Vince Mazzeo Wants to End “Quick Draw” Keno Drawings

Quick Draw Lottery New Jersey

Aine Filler of Lumberton fills out a Quick Draw ticket.

Assemblyman Vince Mazzao says a keno-style game offered by the New Jersey Lottery is illegal. Tickets for the keno-style drawing, which happens every 5 minutes, are sold primarily in bars, restaurants, and bowling alleys.

The game Vince Mazzeo dislikes is “Quick Draw”, a rapid-fire game which is offered throughout the state. Mazzeo believes the game undermines Atlantic City casinos, which should be the only venues in the state which can offer keno drawings.

When gambling on Quick Draw, players have the ability to choose up to 10 numbers they wish to play from an array of 80 numbers, like in Keno. Payouts are determined by the number of “spots” that hit out of the 20 numbers drawn. Players can bet up to $10 each round.

226 “Quick Draw” Drawings Per Day

Mazzeo says he takes exception with the rapid-fire ability to gamble on Quick Draw. He said that 226 drawings happen each day, so casual gamblers can wager over two-thousand dollars a day.

Those familiar with casino gambling know that Keno offers the worst house edge in the casino. While Nevada casinos sometimes offer keno drawings with a house edge of 3%, most games outside Nevada have a house edge in the 20% to 40% range. Outside of weekly lottery drawings, those are the worst odds in gambling.

Don’t Drink and Gamble

In fact, the overall payout percentage of Quick Draw is at the low end of the scale: 60%. Combined with the fact the Quick Draw tickets are sold at venues which offer alcohol, the assemblyman argues that the state lottery is setting up gamblers to lose a lot of cash.

The assemblymen announced he was introducing a bill to the General Assembly to ban keno games. While regular lottery players buy Powerball and Mega Milions lotto tickets perhaps 3 times a week, the Quick Draw game offers the same number of drawings in 15 minutes time. The bill would decrease the number of Quick Draw drawings to 2 per day, instead of 226.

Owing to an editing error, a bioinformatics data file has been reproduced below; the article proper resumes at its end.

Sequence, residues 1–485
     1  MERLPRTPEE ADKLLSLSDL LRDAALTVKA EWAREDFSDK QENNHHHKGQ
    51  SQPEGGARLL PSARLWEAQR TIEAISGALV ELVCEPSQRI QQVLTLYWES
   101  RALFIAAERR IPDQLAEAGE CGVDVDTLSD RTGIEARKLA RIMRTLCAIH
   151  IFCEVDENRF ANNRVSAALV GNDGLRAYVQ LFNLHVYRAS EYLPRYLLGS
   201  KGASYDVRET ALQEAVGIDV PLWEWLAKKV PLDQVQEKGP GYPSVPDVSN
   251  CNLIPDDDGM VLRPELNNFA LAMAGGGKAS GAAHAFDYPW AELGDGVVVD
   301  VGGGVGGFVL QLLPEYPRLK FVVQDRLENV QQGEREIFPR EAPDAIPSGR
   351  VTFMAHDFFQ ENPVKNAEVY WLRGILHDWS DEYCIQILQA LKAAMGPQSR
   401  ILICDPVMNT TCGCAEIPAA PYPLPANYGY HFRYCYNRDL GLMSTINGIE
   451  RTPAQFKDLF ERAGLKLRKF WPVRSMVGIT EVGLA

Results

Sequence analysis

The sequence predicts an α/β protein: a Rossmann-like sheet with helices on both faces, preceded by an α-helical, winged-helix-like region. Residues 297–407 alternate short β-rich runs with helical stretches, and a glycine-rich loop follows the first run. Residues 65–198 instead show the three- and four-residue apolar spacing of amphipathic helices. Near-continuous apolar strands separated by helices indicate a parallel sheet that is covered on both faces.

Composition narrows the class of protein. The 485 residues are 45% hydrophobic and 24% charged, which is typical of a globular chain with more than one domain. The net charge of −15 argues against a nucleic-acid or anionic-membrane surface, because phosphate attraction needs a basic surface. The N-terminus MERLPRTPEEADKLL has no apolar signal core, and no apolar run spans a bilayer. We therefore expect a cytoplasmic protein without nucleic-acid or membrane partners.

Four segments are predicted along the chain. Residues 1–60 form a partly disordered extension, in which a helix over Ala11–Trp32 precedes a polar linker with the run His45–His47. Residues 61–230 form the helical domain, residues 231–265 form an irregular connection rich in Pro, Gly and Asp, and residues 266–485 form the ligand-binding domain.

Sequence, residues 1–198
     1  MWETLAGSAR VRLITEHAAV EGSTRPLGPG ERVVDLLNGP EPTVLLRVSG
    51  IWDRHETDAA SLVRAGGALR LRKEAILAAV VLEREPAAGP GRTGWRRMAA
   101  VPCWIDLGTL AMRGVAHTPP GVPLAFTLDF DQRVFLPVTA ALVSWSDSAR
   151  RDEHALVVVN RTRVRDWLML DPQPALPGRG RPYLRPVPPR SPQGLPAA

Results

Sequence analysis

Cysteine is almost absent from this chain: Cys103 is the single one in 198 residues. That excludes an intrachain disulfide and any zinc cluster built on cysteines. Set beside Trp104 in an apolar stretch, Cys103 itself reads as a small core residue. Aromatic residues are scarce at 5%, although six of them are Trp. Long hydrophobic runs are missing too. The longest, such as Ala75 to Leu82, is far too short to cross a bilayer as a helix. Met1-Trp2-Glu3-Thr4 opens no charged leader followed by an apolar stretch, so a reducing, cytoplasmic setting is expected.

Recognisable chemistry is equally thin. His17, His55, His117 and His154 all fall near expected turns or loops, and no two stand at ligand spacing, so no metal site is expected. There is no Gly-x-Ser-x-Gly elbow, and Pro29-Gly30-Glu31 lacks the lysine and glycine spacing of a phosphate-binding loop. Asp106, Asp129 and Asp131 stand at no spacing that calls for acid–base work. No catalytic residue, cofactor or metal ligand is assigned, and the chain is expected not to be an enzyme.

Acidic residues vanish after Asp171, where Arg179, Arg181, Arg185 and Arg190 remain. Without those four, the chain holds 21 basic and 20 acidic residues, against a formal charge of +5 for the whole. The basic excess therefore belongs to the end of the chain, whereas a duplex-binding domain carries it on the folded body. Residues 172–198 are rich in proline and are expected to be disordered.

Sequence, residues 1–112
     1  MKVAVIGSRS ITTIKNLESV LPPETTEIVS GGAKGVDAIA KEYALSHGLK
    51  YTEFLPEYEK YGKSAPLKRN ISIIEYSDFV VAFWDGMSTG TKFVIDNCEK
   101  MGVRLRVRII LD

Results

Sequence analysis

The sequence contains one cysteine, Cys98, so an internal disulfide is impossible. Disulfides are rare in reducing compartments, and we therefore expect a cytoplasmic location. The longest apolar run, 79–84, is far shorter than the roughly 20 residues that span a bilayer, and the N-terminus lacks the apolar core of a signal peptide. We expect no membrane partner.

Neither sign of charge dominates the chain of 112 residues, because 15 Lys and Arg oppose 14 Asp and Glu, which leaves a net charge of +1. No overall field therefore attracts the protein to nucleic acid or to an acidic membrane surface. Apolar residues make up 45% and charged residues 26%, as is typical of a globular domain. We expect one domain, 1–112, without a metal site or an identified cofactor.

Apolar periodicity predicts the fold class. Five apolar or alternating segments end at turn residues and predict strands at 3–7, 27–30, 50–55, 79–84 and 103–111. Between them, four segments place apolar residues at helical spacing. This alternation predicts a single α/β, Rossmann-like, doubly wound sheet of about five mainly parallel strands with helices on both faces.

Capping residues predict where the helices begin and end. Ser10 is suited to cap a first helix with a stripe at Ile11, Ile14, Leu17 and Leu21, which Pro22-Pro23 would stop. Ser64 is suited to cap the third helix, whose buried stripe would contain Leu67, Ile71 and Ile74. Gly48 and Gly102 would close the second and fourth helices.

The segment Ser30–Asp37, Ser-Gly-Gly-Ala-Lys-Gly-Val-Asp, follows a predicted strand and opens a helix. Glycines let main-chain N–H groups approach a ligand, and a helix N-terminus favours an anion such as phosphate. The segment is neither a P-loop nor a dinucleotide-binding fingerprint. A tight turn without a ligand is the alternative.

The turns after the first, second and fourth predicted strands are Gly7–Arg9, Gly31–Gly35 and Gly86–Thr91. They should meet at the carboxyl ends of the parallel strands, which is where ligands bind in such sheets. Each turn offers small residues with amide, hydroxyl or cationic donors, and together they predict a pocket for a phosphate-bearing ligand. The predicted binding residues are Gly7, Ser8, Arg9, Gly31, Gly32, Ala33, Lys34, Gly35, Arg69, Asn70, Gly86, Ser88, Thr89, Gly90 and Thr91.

Vince Mazzeo on Quick Draw Keno

Mazzeo makes no bones about the target of his new law. In a statement released to the New Jersey press, Vincent Mazzeo said, “The State Lottery is grossly overstepping their authority by essentially expanding casino style gambling…outside of Atlantic City. Having keno drawings every five minutes is a clear end around the spirit of the 1970 State Lottery constitutional amendment.”

Those who defend games like Quick Draw point out that keno pays out more often than Mega Millions or Powerball drawings. Because players win smaller payouts for a certain number of catches each drawing, they are not likely to lose all the money wagered each time they play.

Keno Is an Atlantic City Casino Game

Vince Mazzeo argues that the state has a right to reduce the number of drawings by the state lottery, because of a mandate to protect Atlantic City’s casino industry. He argues that offering casino-style keno games through the lottery is an expansion of casino gambling outside of Atlantic City. It is a longstanding policy of the state government to limit all casino gambling in New Jersey to the Atlantic City area.

That longstanding policy was challenged last year in a statewide referendum on the November 8 ballot. The people of New Jersey were asked whether they wanted to authorize two North Jersey casinos. The casinos would have been built in cities like East Rutherford, Newark, or Jersey City. The stipulation was they had to be at least 72 miles from Atlantic City.

2016 North Jersey Casino Referendum

That ballot initiative suffered a crushing defeat at the polling stations, as less than 23% of New Jersey’s voters approved of the measure. Vince Mazzeo said the people of New Jersey spoke loud and clear last November, so the state lottery is beyond its legal authority.

Assemblyman Mazzeo said in his statement, “The State Lottery doesn’t get to override the voice of the people. I will continue to staunchly oppose, as I always have, any effort that expands gambling outside Atlantic City.”